Get a Full Inspection

Get in touch with a property damage inspector for a full inspection of your home. Make sure to call someone who is certified for this type of work. The inspector will provide you with a list of things that require repairs or replacement, together with an estimate of the cost of each item.

Hire a Restoration Contractor

Ask your roofing contractors if they provide restoration services for storm-damaged homes. If you’re asking whether it’s better to call a contractor approved by the insurance firm or to go with someone more independent, the safer move is to go with the latter. If a contractor is approved by your insurer, that contractor might have an incentive to keep the costs of the insurance payout down, and that’s not good news for you, the homeowner who paid full insurance premiums.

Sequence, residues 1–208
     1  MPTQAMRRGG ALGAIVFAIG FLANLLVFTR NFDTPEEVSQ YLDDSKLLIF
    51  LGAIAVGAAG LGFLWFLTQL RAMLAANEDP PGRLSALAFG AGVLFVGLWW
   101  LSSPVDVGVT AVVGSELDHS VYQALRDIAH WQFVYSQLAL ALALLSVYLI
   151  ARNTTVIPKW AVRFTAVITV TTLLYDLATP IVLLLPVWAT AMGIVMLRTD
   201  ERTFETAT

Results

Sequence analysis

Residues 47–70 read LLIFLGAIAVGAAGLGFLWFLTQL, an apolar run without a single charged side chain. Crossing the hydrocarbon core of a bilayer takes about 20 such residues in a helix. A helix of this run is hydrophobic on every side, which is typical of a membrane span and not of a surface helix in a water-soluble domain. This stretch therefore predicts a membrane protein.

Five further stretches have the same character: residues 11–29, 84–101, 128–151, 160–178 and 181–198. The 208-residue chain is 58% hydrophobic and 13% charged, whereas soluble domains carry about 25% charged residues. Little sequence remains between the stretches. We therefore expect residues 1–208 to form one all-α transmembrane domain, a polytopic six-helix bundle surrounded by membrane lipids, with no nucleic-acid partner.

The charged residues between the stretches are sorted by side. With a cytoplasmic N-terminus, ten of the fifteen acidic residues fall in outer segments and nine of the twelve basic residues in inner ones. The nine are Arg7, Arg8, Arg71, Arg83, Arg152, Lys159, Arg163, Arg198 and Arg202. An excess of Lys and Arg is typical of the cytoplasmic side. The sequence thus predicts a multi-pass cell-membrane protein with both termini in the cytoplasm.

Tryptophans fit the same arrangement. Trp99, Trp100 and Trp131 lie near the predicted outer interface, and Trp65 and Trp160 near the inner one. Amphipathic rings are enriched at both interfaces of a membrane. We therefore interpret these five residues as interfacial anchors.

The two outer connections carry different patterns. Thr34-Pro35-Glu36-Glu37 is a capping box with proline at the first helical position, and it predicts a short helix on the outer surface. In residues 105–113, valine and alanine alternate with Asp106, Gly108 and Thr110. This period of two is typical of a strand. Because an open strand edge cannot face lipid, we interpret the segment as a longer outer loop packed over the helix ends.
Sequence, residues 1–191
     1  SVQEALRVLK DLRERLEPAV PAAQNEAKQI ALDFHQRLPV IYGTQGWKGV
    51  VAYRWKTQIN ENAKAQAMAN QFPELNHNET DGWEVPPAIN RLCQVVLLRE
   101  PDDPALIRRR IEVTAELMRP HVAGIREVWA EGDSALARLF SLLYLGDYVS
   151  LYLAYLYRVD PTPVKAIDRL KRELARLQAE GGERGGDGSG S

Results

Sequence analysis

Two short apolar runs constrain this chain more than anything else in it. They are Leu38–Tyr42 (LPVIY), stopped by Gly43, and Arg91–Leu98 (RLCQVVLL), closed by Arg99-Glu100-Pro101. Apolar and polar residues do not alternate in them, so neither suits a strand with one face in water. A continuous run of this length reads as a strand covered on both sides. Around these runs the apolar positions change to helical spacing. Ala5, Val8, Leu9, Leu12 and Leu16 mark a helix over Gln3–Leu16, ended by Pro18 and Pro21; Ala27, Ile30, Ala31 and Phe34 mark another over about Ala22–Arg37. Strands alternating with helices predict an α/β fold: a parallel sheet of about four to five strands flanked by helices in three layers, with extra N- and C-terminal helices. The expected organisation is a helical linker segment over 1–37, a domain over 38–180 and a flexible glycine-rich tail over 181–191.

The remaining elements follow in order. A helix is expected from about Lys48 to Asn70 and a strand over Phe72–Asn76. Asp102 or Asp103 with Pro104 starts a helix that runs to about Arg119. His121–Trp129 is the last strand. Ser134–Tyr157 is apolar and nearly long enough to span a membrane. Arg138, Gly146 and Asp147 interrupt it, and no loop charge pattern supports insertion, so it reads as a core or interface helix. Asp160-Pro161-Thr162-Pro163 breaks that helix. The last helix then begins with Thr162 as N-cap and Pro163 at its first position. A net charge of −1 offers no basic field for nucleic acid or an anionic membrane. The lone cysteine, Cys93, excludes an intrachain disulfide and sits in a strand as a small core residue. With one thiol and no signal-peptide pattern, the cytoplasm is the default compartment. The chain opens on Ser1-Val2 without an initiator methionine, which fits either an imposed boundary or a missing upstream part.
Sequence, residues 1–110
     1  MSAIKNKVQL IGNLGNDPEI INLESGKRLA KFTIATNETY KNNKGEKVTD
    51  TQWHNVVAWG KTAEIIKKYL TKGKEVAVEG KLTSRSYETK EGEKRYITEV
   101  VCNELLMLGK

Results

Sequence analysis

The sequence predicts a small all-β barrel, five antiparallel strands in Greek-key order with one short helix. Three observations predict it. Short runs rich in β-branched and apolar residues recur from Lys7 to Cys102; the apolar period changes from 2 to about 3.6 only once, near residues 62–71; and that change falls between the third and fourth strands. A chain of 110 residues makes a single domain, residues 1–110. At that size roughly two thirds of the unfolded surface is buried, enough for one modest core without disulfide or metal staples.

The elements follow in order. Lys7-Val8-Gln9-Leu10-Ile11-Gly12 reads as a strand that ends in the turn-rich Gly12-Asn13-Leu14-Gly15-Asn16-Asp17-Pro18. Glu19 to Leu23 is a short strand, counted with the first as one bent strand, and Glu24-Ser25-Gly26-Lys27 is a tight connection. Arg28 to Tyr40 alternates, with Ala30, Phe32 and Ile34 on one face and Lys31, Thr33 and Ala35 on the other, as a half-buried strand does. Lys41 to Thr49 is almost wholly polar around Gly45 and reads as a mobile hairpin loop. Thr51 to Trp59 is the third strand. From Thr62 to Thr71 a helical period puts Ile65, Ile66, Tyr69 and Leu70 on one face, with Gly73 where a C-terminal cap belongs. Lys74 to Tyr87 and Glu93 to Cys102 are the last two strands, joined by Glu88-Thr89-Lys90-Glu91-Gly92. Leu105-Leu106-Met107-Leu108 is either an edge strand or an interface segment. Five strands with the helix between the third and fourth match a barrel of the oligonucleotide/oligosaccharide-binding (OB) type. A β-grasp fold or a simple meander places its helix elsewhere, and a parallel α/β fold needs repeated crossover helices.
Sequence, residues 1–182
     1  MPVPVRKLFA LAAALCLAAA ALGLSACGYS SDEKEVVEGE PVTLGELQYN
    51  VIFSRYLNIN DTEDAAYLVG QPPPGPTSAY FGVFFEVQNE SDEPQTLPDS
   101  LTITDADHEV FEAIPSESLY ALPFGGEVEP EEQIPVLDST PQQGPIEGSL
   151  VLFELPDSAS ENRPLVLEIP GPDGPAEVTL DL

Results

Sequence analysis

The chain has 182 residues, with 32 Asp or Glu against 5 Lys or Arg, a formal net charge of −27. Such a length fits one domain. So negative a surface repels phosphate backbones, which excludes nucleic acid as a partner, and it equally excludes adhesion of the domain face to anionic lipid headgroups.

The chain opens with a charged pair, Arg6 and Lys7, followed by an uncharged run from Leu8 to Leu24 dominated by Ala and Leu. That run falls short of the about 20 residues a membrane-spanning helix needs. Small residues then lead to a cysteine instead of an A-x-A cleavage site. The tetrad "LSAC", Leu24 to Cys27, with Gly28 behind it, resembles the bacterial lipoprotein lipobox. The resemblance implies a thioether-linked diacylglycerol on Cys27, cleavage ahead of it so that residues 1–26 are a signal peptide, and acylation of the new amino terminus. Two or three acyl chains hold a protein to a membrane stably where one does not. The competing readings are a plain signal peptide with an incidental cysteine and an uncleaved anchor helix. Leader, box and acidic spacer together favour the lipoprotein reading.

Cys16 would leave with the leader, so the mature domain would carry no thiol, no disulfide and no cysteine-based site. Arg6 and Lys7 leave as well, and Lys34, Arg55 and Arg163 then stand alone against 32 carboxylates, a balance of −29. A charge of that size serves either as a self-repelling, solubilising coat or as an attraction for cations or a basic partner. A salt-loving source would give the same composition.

Many contractors might offer to handle your insurance claims for you, but this is something that you must do yourself to avoid getting defrauded. Also, always be mindful of your insurer’s claim filing deadline. If you miss that deadline (usually a couple of months after the storm), you’ll end up paying for the replacement or repairs out of pocket.

Bay Valley Contractors can help you with your residential and commercial roofing needs. Get in touch with us if you need repairs or replacements after a storm. Call us today at (925) 705-7889, or fill out the form on our contact page.